Monday, May 08, 2006

Of Spoons, Forks and Protests

Filipino table etiquette punished at local school (excerpt from The Chronicle)

A Roxboro woman has filed a formal complaint with a local school board after her son was disciplined by a lunch program monitor at Ecole Lalande for eating in what she says is a customary Filipino manner. Luc Cagadoc’s table behaviour is traditionally Filipino; he fills his spoon by pushing the food on his plate with a fork, his mother, Maria Theresa Gallardo, says.

But after being punished by his school’s lunch program monitor more than 10 times this year for his mealtime conduct—including his technique—the seven-year-old told Gallardo said last week that he was too embarrassed to eat his dinner.

“Mommy, I don’t want to eat anymore,” Gallardo says Luc told her at the kitchen table April 11. “My teacher is telling me that eating with a spoon and fork is yucky and disgusting.” When he eats with both spoon and fork, instead of only one utensil, the Grade 2 student said the lunch monitor moves him to a table to sit by himself.

Upset over Luc’s story, Gallardo confronted the lunchtime caregiver the next day and on April 13, she telephoned the school’s principal, Normand Bergeron. His reaction brought her to tears, she says. “His response was shocking to me,” Gallardo, who moved to Montreal from the Philippines in 1999, told The Chronicle. “He said, ‘Madame, you are in Canada. Here in Canada you should eat the way Canadians eat.’

“I find it very prejudiced and it’s racist. He’s supposed to be acting like a professional. This is supposed to be a free country with free expressions of culture and religion. This is how we eat; we eat with a fork and spoon.”

Gallardo, who operates a day care out of her Roxboro home and is close to completing her studies in early childhood education, wrote a letter last week and lodged a formal complaint to the Commission scolaire Marguerite Bourgeoys (CSMB) yesterday. She disagrees with the lunch monitor’s approach to teaching children how to eat and says it is emotionally abusive to Luc. When she questioned Bergeron about punishing students for their table habits, she says he replied that, “If your son eats like a pig he has to go to another table because this is the way we do it and how we’re going to do it every time.”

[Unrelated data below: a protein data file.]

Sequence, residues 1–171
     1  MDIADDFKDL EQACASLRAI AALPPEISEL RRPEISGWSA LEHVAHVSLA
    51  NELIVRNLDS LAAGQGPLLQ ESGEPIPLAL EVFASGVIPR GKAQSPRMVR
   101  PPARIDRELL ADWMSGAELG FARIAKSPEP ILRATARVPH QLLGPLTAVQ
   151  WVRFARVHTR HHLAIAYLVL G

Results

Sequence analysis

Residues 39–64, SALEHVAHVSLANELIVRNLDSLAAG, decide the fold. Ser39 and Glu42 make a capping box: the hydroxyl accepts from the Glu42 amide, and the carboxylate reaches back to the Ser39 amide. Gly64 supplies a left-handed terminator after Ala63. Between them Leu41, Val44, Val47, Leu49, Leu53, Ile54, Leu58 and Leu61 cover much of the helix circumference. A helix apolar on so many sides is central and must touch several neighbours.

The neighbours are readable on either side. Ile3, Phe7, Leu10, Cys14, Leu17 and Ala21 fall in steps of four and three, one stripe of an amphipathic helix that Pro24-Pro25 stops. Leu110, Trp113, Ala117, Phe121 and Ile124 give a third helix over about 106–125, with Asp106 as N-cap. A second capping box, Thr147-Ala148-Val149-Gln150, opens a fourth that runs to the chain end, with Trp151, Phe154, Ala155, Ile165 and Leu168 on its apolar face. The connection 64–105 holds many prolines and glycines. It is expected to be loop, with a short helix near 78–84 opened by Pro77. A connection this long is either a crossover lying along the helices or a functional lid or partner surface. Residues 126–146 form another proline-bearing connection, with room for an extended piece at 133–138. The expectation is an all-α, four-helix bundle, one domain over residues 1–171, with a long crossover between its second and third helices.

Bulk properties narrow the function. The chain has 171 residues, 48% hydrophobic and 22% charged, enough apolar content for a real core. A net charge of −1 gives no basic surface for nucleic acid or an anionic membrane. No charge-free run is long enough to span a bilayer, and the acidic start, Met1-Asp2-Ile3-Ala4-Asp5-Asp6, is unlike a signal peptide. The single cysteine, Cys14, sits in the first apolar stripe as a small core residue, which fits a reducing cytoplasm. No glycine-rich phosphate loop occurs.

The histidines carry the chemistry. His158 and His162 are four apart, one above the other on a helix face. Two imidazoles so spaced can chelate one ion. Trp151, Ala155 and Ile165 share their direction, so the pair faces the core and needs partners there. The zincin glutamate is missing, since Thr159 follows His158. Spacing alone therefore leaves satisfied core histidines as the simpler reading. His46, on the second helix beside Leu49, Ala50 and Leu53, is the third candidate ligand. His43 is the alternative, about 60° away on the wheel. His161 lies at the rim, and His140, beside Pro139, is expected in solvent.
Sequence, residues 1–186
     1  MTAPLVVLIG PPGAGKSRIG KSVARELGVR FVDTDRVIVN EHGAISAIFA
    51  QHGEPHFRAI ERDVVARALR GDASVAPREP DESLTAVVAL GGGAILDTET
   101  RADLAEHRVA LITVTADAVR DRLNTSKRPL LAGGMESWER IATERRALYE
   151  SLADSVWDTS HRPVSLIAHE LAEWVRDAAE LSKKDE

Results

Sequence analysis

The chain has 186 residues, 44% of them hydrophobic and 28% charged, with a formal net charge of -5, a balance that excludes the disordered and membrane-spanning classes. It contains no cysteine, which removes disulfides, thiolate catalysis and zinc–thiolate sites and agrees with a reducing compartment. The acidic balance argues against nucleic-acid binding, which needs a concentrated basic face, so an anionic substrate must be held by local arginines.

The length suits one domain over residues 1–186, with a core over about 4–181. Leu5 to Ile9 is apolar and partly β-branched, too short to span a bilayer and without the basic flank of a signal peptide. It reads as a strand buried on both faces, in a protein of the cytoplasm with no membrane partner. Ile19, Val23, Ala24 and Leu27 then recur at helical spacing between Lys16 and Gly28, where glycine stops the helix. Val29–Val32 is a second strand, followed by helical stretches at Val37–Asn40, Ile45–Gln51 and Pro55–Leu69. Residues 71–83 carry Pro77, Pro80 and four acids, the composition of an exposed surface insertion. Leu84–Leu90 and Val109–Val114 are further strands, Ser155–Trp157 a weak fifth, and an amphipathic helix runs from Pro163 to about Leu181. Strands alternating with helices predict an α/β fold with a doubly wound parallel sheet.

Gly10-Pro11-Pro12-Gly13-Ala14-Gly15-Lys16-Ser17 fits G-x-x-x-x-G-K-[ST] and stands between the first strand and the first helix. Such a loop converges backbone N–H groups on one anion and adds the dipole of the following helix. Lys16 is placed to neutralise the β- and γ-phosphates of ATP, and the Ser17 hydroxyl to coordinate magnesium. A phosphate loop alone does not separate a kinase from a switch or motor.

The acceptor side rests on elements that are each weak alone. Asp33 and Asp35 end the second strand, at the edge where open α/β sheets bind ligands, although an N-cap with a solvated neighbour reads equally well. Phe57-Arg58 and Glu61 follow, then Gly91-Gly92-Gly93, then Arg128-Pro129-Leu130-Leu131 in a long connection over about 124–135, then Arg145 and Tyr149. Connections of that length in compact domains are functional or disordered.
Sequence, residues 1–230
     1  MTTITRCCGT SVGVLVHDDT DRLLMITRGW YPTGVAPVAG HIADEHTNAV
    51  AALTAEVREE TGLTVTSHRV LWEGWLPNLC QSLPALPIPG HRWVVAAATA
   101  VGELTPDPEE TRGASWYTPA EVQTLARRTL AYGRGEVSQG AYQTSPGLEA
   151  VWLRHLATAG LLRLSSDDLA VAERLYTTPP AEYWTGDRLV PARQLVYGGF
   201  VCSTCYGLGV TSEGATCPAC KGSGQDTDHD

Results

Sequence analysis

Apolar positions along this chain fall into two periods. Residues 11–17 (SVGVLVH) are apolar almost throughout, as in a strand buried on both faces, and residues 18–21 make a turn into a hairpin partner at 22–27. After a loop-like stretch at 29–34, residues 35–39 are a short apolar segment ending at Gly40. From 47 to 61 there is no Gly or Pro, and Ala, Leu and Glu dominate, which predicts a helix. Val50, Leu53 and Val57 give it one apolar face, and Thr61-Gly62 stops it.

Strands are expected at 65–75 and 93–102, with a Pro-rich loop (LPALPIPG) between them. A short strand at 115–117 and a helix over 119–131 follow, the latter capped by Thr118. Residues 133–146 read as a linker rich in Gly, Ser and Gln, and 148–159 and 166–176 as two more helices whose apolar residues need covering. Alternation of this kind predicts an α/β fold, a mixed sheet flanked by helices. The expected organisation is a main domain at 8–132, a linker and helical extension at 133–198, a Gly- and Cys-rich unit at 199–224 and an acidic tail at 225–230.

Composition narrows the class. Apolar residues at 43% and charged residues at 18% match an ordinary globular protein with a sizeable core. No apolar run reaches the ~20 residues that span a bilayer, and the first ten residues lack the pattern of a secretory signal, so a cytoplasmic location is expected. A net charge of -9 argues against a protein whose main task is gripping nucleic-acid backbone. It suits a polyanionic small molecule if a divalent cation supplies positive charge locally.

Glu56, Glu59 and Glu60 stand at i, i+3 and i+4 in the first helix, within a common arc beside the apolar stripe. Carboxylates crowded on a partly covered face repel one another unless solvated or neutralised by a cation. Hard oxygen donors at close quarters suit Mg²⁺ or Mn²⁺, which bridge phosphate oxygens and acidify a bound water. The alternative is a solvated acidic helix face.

But Bergeron says it was Luc’s eating technique combined with his behaviour at the table that was inappropriate that day, which is why he was moved. “Luc can be turbulent,” he said yesterday. “Like other children, he is frequently in situations where we have to intervene. It’s normal, he’s a child. He is in a period of learning.”

The principal of the 387-student Roxboro school said he explained his position on using two utensils to Gallardo during their telephone conversation. “I said, ‘Here, this is not the manner in which we eat.’ I don’t necessarily want students to eat with one hand or with only one instrument, I want them to eat intelligently at the table,” he said. “I want them to eat correctly with respect for others who are eating with them. That’s all I ask. Personally, I don’t have any problems with it, but it is not the way you see people eat every day. I have never seen somebody eat with a spoon and a fork at the same time.”

* * * * *

So of course when this story came out, protesters here in Manila last Friday started picketing the Canadian embassy which happened to be the same building as ours. I was oblivious to all this, until my officemate told me about it this afternoon.

“Really?” I asked. “They were picketing outside our building?”

“Yeah,” my officemate said.

I decided to make fun of it. “Maybe instead of placards they should have brought along those huge spoon-&-fork carvings that are found in almost all Filipino dining rooms or kitchens, hahaha!”

My officemate looked me in the eye and said, in all seriousness, “Actually they did.”

Wow, surreal.

OH my gulay. As in??? May nagdala ng GIGANTIC wooden spoon and fork??? Hahaha.
This is cultural imperialism! Actually, every now and then, I would use the edge of my spoon to cut the meat on my plate, just for shock value, to see if others (foreigners) would respond, he he. Subukan lang nilang patalsikin ako sa table...
I didn't mind using a fork and a knife while eating my meals anywhere here, because I already assumed it's their way of eating [walang kamatayang steak and potatoes]

But when I'm eating rice, I would ask for a spoon. People still use forks. I told them it doesn't make sense to use a fork in eating rice because it will just fall apart.

Natememe sila dun whehehehe ;-)

Anyway that principal was wrong in humiliating the boy with his table manners. It is not a question of adapting to Canadian mannerisms, but rather being sensitive to one's cultural identity--and the principal failed miserably with that....

Next time pakainin mo ng kainin yun, using a fork. Tignan mo kung hindi maghagilap ng kutsara. ;-)
NELZ: Dapat dalihin ang principal sa Pinas at ipakita sa kanya na halos lahat ng bahay may giant wooden spoon-and-fork na nakasabit sa may dining room o kitchen. Tapos sabihin sa kanya, "O ayan! May nakikita ka bang giant KNIFE-and-fork, ha?!"

follow: I had dinner at a Greek resto with some of the members of the tenor section of my choir, and I had calamari on rice pilaf.

Naturally, gamit naming lahat tinidor at kutsilyo.

Di na ako nanghingi ng kutchara at gutom na ako hahahahah!
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